- Proof of first property: from 2. and 3. we obtain . ✓
Proof of second property: since a * b is defined, so is (a * b)−1 * a * b. Therefore (a * b)−1 * a * b * b−1 = (a * b)−1 * a is also defined. Moreover since a * b is defined, so is a * b * b−1 = a. Therefore a * b * b−1 * a−1 is also defined. From 3. we obtain (a * b)−1 = (a * b)−1 * a * a−1 = (a * b)−1 * a * b * b−1 * a−1 = b−1 * a−1. ✓
- J.P. May, A Concise Course in Algebraic Topology, 1999, The University of Chicago Press ISBN 0-226-51183-9 (see chapter 2)
- "fundamental groupoid in nLab". ncatlab.org. Retrieved 2017-09-17.
- Jim Belk (2008) Puzzles, Groups, and Groupoids, The Everything Seminar
- The 15-puzzle groupoid (1), Never Ending Books
- The 15-puzzle groupoid (2), Never Ending Books
- Mapping a group to the corresponding groupoid with one object is sometimes called delooping, especially in the context of homotopy theory, see "delooping in nLab". ncatlab.org. Retrieved 2017-10-31..
- Brandt, H (1927), "Über eine Verallgemeinerung des Gruppenbegriffes", Mathematische Annalen, 96 (1): 360–366, doi:10.1007/BF01209171
- Brown, Ronald, 1987, "From groups to groupoids: a brief survey,[permanent dead link]" Bull. London Math. Soc. 19: 113-34. Reviews the history of groupoids up to 1987, starting with the work of Brandt on quadratic forms. The downloadable version updates the many references.
- —, 2006. Topology and groupoids. Booksurge. Revised and extended edition of a book previously published in 1968 and 1988. Groupoids are introduced in the context of their topological application.
- —, Higher dimensional group theory Explains how the groupoid concept has led to higher-dimensional homotopy groupoids, having applications in homotopy theory and in group cohomology. Many references.
- Dicks, Warren; Ventura, Enric (1996), The group fixed by a family of injective endomorphisms of a free group, Mathematical Surveys and Monographs, 195, AMS Bookstore, ISBN 978-0-8218-0564-0
- Dokuchaev, M.; Exel, R.; Piccione, P. (2000). "Partial Representations and Partial Group Algebras". Journal of Algebra. Elsevier. 226: 505–532. arXiv: . doi:10.1006/jabr.1999.8204. ISSN 0021-8693.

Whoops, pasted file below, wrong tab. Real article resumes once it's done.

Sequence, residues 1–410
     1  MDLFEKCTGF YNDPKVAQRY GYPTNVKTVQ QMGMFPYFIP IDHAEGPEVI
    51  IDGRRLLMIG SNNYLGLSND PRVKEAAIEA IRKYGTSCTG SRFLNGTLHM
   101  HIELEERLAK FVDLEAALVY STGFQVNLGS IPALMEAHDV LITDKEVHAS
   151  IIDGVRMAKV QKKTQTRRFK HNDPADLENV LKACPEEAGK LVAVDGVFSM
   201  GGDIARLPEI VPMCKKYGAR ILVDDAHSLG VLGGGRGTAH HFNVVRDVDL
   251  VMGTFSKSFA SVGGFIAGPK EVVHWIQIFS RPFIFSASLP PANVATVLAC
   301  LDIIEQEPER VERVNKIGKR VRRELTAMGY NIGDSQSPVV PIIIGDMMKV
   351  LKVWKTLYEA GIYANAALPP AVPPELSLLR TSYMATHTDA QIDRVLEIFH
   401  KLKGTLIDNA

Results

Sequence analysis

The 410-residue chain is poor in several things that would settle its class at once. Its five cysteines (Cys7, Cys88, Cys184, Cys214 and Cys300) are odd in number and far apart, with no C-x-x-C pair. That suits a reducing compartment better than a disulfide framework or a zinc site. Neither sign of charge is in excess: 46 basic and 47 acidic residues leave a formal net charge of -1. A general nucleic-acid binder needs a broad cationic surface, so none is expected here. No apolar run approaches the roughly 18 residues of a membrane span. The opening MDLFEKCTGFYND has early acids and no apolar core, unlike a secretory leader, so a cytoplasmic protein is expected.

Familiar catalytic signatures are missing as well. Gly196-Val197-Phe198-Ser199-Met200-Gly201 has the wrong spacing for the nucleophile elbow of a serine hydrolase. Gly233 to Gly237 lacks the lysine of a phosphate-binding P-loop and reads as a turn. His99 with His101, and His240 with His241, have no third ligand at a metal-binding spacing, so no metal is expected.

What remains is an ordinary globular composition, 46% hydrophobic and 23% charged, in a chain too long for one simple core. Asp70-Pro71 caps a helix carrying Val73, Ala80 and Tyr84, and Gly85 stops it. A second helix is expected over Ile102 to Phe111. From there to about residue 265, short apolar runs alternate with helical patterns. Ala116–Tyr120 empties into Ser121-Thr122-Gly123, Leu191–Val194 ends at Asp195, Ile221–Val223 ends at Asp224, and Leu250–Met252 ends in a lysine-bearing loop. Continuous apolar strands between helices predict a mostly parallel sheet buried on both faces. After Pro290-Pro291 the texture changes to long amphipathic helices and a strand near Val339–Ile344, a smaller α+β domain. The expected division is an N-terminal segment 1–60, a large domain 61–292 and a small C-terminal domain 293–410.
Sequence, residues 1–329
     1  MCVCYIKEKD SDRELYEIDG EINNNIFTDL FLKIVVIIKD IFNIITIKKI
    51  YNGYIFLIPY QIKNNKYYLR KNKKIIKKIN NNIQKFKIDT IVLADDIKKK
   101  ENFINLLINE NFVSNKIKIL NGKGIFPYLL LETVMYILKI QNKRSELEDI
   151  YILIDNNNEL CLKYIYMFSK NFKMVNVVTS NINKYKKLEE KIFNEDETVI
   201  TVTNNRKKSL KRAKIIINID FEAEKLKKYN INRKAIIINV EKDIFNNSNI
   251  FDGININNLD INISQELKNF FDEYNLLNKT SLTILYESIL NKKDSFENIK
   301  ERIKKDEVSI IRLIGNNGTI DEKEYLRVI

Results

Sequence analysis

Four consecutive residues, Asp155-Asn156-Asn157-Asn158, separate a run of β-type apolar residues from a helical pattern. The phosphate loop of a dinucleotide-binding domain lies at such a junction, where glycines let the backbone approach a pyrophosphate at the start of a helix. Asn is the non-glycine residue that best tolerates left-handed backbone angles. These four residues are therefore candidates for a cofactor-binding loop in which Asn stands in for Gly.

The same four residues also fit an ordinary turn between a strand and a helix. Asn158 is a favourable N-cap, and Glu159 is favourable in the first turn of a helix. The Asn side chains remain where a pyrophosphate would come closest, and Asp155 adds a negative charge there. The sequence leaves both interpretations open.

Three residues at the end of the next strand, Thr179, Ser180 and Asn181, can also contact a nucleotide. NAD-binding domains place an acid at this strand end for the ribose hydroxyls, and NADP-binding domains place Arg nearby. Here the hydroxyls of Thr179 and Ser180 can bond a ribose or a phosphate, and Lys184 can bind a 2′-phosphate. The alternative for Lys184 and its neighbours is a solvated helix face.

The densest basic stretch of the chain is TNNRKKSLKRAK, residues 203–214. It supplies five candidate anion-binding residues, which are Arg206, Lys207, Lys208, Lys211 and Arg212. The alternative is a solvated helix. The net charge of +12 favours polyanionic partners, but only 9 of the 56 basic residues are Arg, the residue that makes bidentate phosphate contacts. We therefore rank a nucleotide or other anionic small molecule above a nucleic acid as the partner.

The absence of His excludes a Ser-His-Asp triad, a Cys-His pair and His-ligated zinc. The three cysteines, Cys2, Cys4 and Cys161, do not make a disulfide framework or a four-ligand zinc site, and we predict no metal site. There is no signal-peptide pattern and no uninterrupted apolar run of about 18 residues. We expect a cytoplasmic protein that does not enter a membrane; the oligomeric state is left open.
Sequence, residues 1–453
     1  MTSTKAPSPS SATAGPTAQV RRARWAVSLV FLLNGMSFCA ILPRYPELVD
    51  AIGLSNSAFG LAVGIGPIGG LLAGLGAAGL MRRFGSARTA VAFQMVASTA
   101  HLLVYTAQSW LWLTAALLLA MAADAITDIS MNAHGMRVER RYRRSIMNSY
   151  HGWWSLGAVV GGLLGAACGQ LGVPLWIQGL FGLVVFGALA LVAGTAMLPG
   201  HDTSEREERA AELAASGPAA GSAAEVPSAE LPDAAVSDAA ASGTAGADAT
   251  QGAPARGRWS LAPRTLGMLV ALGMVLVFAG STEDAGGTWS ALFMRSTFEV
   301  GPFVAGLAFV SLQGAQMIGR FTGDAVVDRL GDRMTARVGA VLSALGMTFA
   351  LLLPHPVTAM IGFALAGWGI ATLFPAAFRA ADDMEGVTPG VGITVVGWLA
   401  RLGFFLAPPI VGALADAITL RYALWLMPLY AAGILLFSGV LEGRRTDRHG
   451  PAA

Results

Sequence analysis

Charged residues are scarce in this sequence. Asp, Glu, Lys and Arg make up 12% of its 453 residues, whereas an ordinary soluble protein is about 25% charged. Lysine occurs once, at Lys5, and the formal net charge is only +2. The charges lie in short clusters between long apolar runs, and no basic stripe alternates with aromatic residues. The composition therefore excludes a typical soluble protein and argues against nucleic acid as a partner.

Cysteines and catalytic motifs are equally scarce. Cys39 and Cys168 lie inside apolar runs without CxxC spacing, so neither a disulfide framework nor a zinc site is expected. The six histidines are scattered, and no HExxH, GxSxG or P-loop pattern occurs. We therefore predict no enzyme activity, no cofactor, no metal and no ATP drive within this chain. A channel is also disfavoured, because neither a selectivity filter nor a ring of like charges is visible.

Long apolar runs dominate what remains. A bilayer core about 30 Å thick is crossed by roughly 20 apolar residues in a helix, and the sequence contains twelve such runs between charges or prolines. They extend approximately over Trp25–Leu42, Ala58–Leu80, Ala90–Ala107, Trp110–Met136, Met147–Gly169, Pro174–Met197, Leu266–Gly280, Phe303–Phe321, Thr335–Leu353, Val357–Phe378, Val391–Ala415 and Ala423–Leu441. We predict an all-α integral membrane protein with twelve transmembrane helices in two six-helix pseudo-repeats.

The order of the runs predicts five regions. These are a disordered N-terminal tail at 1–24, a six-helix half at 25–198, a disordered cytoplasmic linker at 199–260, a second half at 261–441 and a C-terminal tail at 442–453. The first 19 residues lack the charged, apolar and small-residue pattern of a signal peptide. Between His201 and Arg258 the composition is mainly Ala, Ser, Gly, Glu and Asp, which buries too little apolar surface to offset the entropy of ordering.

- F. Borceux, G. Janelidze, 2001, Galois theories.[permanent dead link] Cambridge Univ. Press. Shows how generalisations of Galois theory lead to Galois groupoids.
- Cannas da Silva, A., and A. Weinstein, Geometric Models for Noncommutative Algebras. Especially Part VI.
- Golubitsky, M., Ian Stewart, 2006, "Nonlinear dynamics of networks: the groupoid formalism", Bull. Amer. Math. Soc. 43: 305-64
- Hazewinkel, Michiel, ed. (2001) , "Groupoid", Encyclopedia of Mathematics, Springer Science+Business Media B.V. / Kluwer Academic Publishers, ISBN 978-1-55608-010-4
- Higgins, P. J., "The fundamental groupoid of a graph of groups", J. London Math. Soc. (2) 13 (1976) 145—149.
- Higgins, P. J. and Taylor, J., "The fundamental groupoid and the homotopy crossed complex of an orbit space", in Category theory (Gummersbach, 1981), Lecture Notes in Math., Volume 962. Springer, Berlin (1982), 115—122.
- Higgins, P. J., 1971. Categories and groupoids. Van Nostrand Notes in Mathematics. Republished in Reprints in Theory and Applications of Categories, No. 7 (2005) pp. 1–195; freely downloadable. Substantial introduction to category theory with special emphasis on groupoids. Presents applications of groupoids in group theory, for example to a generalisation of Grushko's theorem, and in topology, e.g. fundamental groupoid.
- Mackenzie, K. C. H., 2005. General theory of Lie groupoids and Lie algebroids. Cambridge Univ. Press.
- Weinstein, Alan, "Groupoids: unifying internal and external symmetry — A tour through some examples." Also available in Postscript., Notices of the AMS, July 1996, pp. 744–752.
- Weinstein, Alan, "The Geometry of Momentum" (2002)
- R.T. Zivaljevic. "Groupoids in combinatorics—applications of a theory of local symmetries". In Algebraic and geometric combinatorics, volume 423 of Contemp. Math., 305–324. Amer. Math. Soc., Providence, RI (2006)
- fundamental groupoid in nLab